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Directed by: James Winburn
Starring: Frankie Maldonatti and Sal Rendino
Operation Desert Storm veterans and good buddies Jeff Rodgers (Rendino) and Michael Breem (Maldonatti) return home to Osceola County, Florida and become Sheriff’s Deputies. But what they weren’t expecting was a new war at home. At least according to the opening on-screen crawl. When at first it seems they’re chasing local hoods Hank and Ben Lowmiller (Raff Barker and Dan Preston, respectively), it gradually leads to a conspiracy that goes all the way to the top. Just when Rodgers and Breem were getting used to their post-war routine, it seems life isn’t all freeze-frame high-fives for these guys...
Miami Beach Cops has a lot of homemade charm. Sure, it’s filled with non-actors and has a fairly amateurish feel, but that’s pretty common for these regional outings. Since AIP was good enough to release it on VHS, it didn’t stay regional for long. It gives a nice attempt at realism, presumably because TV shows like Cops and Rescue 911 were very popular at the time. Because Rendino and Maldonatti were not experienced actors, they mumble many of their lines and don’t project their voices well. And because music is blasting over many scenes, it’s hard to hear what they’re saying. But the music by Jerry A. Ranger and John DeVries is upbeat, cheery and at times pretty rockin’. (of course, much of it has the trademark sax so prevalent at the time). So it’s not the music’s fault, it’s just that the sound was mixed badly.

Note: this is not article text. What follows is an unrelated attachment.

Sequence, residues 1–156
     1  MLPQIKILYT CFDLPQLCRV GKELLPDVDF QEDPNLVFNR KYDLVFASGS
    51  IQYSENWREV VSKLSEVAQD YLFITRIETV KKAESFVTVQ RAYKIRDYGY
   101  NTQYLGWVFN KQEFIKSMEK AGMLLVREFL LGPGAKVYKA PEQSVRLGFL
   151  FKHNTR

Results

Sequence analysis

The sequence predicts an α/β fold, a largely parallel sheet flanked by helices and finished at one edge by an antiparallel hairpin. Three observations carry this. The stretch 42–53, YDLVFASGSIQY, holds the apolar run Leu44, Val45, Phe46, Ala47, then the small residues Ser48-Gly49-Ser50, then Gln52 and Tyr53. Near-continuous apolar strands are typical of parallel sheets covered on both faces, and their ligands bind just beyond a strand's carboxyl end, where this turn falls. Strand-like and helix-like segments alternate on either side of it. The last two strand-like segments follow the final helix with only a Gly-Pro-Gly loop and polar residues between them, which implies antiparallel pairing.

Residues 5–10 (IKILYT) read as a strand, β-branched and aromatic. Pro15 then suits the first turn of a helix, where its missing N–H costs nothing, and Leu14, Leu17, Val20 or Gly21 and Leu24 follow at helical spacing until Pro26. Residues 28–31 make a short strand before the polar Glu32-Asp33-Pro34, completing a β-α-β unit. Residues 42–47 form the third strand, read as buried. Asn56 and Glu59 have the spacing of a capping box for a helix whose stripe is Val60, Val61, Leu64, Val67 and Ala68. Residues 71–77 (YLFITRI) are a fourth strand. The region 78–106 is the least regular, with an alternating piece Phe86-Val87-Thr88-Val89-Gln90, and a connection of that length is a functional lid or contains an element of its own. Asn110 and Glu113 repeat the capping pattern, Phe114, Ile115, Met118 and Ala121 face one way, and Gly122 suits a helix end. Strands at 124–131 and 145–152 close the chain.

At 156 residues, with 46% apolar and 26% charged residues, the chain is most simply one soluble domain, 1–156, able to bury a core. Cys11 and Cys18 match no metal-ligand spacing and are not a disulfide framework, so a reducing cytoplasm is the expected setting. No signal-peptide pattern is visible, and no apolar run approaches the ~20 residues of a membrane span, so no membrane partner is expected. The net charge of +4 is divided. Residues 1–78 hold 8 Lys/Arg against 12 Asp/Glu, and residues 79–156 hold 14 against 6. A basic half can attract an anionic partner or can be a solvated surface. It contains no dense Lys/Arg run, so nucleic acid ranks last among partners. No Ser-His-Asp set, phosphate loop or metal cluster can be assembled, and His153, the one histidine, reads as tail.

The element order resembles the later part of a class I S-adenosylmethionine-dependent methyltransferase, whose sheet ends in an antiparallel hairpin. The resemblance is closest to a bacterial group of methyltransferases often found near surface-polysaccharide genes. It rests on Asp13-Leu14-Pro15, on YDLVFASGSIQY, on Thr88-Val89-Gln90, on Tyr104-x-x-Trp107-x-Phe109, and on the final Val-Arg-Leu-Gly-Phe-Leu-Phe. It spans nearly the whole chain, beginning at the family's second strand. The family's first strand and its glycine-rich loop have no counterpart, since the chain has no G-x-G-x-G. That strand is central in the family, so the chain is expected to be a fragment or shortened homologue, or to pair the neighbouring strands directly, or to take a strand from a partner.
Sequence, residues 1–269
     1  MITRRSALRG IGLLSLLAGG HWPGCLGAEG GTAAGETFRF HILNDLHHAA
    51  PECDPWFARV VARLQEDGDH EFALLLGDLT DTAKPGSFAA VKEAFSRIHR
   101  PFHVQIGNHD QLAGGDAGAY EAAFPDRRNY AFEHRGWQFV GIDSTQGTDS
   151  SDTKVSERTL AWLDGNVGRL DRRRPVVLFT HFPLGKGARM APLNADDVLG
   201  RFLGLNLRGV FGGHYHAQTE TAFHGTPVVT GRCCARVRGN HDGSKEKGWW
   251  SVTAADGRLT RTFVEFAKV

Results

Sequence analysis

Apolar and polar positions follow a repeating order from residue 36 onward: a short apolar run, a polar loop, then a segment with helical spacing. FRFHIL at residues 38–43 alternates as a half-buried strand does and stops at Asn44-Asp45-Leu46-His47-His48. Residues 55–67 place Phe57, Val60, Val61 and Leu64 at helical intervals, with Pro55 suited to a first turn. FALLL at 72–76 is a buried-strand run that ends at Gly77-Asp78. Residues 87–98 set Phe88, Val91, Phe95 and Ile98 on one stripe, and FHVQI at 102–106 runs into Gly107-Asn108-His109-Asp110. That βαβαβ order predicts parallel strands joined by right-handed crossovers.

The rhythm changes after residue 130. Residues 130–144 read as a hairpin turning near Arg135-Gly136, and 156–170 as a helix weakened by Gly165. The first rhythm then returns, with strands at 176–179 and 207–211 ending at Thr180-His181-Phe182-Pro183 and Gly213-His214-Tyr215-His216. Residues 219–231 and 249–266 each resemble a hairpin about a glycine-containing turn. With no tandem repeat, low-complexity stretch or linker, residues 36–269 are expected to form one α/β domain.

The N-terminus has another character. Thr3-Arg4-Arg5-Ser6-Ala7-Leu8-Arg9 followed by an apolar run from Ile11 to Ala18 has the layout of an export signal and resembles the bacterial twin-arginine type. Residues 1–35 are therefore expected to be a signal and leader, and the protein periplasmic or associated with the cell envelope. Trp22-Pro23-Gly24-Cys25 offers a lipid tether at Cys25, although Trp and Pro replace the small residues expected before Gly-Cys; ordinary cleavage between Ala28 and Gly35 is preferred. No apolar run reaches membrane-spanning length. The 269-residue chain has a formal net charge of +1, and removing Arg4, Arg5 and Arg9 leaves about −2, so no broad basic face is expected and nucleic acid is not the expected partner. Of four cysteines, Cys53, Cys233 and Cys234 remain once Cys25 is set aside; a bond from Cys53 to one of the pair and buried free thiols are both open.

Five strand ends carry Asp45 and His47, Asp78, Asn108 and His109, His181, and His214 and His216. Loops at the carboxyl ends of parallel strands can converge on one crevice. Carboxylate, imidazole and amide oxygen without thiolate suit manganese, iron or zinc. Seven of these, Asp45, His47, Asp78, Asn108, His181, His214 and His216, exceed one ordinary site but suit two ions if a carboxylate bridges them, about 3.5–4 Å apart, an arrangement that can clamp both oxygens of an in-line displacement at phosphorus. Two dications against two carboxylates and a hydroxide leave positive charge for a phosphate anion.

It’s hard to tell where Rendino and Maldonatti stop and Rodgers and Breem start. They clearly have good rapport - they even have their own catchphrase, “Doink”. Perhaps they were fans of the wrestling clown, but whenever something favorable happens in their lives, they do this sort of proto-fist bump thing and say, knowingly with smiles on their faces, “Doink”. Don’t you do that with your friends? And, even though they exercise alone together shirtless, they prove to each other they’re not gay by hitting the local watering hole to show off their awesome dance moves. And it’s hard not to, as there’s a hot country band who play with a Confederate flag behind them. The name of the bar is - we kid you not - The Cracker House. This extended “picking up chicks” scene is amusing but goes on way too long and emphasizes some pacing problems novice filmmakers often have. But it’s no big deal, and surely The Cracker House appreciates the publicity.
We think director James Winburn, an accomplished stuntman, might have been aiming for a potential TV sale here, because there is no nudity, extreme violence or even a word of profanity. But our two leads do make a lot of funny noises during the chase scenes. There are plenty of “Whooaaaaaa”s and “Wheeeeee”s. Winburn also employs every editing trick he can, such as video footage of Desert Storm, freeze frames, solarization effects, and the time-honored TV trick of recapping the best scenes during the end credits. But Miami Beach Cops does have one of the best opening sequences we’ve seen in a while, showing that with a pure drive to make a movie, even if you have a low budget, you can still draw in your audience.
The title Miami Beach Cops sounds a bit more glamorous than what’s on show - this film mainly takes place in the rural areas and swamps of Florida. That’s still a good backdrop for a movie, so perhaps they thought they needed to glitz it up to sell the movie. But forget Crockett and Tubbs and their Miami Vice, the true heroes are Rodgers and Breem because they’re the MIAMI BEACH COPS!
Comeuppance Review by: Ty and Brett